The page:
The mysterious Mr Bogle arrives in Cormundy Village to perform some ‘light tutoring’ duties for fifteen-year-old Harry Longshaw, who (as with other protagonists of children’s fiction, like Marianne in Marianne Dreams and Henry in The Night-Watchmen) is out of school recovering from a fever that (like Mark in Marianne Dreams and Colin in The Secret Garden) has left him with difficulties walking. Harry and his older sister Margaret live alone (their parents being dead) at a large house called Fury Wood, which they’re about to sell, as Margaret is marrying Rupert Musgrave, a young man newly moved into the village, who has plans to revive its farms and mills with new machinery and modern methods. Harry takes an instant dislike to Mr Bogle, with his goat’s foot inkstand and coat of tabby-cat fur, and who claims to have a scholarly interest in witches. Bogle says Fury Wood is built on land where, long ago:

‘The trees were cut down and burnt, and the spring filled in; that was the usual procedure when they were mopping up witchcraft.’

When not tutoring Harry, Mr Bogle is not exactly to be found doing local research. Instead, he’s seen dancing the ancient Horn Dance in the local square, a ludicrous-looking performance (to Harry’s eyes, anyway) that for some reason fascinates the village adults, the men especially. Later, Bogle urges the village’s out-of-work men into flights of resentful nostalgia with a (surely magical) film show evoking their lost past:

‘And that old school… remember the horseshoes and hopscotch, and a week off from lessons at haymaking time? Are your own kiddies any better for their posh education? It’ll take them away from you in the end, away from the village… But that’s progress, I suppose.’

Inscribed above the fireplace in Harry’s room is a line from Virgil — ‘Arise, thou avenger to come, out of my ashes’ — which Mr Bogle says refers to the execution of the local witches. And it soon becomes obvious he not only believes the ‘avenger to come’ is himself, but that he is not merely the gentleman-scholar he seems:

‘Mr. Bogle frowned and drew the curtain behind him. He disliked the habit of swearing. People were too apt to take his own name in vain.’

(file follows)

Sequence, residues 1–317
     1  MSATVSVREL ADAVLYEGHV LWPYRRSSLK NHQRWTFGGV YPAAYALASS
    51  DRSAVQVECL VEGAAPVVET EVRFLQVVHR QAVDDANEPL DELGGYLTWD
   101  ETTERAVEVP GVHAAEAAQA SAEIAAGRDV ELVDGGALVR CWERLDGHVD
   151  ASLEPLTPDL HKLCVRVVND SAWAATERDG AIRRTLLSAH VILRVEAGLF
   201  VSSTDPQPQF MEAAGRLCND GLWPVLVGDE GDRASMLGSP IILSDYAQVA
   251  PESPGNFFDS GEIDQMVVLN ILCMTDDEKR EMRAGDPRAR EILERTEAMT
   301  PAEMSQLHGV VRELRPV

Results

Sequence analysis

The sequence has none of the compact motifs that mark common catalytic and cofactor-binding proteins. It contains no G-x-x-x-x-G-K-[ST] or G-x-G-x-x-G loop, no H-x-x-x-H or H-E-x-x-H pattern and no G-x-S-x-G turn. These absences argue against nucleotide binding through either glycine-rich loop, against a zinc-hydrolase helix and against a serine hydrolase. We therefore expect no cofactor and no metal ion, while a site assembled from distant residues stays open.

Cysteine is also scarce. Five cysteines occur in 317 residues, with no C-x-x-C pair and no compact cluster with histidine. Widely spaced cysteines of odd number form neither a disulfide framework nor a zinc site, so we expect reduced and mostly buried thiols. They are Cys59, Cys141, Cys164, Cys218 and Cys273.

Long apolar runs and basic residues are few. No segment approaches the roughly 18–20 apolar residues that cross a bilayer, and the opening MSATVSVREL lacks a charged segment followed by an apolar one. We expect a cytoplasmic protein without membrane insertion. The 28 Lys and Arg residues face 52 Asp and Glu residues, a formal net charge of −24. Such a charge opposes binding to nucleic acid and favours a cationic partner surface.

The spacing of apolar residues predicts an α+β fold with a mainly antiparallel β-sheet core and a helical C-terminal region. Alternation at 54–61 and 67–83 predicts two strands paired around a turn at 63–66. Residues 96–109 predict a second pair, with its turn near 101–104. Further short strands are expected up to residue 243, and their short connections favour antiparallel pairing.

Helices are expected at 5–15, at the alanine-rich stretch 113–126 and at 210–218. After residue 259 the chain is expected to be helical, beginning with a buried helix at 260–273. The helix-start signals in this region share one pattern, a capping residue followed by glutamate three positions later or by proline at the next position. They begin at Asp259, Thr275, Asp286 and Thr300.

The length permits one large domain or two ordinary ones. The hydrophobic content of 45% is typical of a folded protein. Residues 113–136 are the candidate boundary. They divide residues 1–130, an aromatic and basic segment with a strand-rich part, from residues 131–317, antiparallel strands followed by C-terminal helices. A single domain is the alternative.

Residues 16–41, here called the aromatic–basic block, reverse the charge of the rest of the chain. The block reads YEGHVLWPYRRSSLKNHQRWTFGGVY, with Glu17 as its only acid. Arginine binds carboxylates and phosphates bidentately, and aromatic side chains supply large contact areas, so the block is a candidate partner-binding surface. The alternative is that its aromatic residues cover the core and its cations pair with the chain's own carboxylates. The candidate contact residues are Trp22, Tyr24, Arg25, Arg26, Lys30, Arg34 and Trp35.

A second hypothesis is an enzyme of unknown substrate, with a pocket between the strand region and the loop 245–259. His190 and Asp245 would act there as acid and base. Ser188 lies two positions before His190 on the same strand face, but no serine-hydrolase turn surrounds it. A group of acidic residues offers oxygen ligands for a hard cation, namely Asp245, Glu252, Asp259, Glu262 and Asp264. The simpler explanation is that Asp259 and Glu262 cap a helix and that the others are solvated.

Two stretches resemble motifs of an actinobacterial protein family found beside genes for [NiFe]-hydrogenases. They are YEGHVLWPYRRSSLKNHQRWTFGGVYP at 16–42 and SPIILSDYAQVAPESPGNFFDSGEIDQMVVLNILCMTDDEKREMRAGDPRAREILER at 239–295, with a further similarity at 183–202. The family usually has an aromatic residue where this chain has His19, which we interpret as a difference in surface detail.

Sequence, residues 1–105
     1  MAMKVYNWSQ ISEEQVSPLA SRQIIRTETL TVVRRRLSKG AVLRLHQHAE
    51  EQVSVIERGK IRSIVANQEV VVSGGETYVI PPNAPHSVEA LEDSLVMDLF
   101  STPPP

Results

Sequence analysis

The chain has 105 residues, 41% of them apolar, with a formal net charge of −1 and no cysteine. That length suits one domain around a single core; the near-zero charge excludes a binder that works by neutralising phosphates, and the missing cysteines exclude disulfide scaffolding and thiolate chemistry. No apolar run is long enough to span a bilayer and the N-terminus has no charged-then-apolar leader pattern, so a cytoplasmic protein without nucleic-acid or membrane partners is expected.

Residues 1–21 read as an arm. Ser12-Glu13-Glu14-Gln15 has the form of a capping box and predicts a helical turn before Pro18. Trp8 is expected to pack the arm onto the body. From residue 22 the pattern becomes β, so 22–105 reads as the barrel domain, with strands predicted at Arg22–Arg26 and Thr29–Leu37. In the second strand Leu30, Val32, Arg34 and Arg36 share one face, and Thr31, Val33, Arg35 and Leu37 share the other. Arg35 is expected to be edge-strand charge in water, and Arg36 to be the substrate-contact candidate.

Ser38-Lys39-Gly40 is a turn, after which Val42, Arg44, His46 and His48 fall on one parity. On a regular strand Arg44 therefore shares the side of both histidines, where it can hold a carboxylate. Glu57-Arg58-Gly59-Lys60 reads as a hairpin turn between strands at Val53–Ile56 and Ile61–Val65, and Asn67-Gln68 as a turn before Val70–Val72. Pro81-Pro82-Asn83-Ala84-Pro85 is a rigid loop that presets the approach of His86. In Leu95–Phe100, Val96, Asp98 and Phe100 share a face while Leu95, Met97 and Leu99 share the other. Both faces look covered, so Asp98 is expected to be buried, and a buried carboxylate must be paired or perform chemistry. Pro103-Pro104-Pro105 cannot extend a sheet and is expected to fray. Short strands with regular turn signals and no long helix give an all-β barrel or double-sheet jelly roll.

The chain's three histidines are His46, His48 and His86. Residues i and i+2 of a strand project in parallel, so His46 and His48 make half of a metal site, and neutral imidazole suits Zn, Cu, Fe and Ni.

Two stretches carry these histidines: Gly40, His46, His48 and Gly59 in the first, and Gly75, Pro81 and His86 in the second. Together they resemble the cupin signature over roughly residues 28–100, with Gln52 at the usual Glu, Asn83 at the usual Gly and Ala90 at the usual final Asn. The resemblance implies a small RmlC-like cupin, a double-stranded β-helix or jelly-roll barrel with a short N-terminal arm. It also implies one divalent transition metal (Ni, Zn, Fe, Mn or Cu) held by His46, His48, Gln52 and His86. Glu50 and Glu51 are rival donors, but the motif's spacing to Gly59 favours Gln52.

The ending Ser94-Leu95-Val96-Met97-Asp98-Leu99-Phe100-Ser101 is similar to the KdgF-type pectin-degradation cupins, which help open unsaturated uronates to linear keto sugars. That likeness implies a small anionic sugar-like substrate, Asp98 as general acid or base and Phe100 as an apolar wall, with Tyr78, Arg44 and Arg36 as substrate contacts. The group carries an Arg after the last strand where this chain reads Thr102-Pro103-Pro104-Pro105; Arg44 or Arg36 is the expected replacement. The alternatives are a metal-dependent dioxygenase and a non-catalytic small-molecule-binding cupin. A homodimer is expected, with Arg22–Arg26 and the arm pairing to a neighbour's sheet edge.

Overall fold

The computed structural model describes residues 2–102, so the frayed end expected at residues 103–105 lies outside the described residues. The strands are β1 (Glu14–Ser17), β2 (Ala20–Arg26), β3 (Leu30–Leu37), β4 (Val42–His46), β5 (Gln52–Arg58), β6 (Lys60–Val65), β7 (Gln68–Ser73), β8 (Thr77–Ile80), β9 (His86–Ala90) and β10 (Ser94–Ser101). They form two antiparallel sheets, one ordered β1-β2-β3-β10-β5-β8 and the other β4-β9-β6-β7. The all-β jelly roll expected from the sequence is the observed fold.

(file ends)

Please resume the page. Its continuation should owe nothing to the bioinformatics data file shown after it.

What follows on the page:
I came across mention of this book while looking for reviews and information on William Rayner’s Stag Boy, and found a post at the Whistles in the Wind blog, which mentions The Visitor (released in the UK as Billy Buck, which is what some of the villagers call Mr Bogle), alongside Stag Boy and Penelope Lively’s The Wild Hunt of Hagworthy (which I reviewed here), all of which were published at the start of the 1970s, and which share a lot of common characteristics. All three, for instance, feature teen protagonists caught in a struggle between the old ways and the new in otherwise quiet English villages. In The Visitor, Rupert says of Cormundy:

‘The village is dead all right, with people out of work, and buildings standing useless and empty. But one rich man could start the ball rolling again…’

Rupert is that rich man, and it’s significant that the final action of the novel takes place before a church where, the next day, Harry’s sister Margaret (representing old village stock) is to marry the forward-thinking Rupert. (Margaret is also linked, through her flower-spotted wedding dress, to the May Queen, thus representing new life and hope in contrast to the village’s wintry despondency.) Mr Bogle, on the other hand, is set to wear the costume of antler-headed Cernunnos in his own secret revival of the Horn Dance pageant, making him yet another character in early 1970s YA fiction to assume stag’s horns, and to revive an ancient festival. Bogle plans to use that pageant, though, as a means of exacting his long-overdue revenge for the burned witches. (Which makes you wonder why he waited so long.)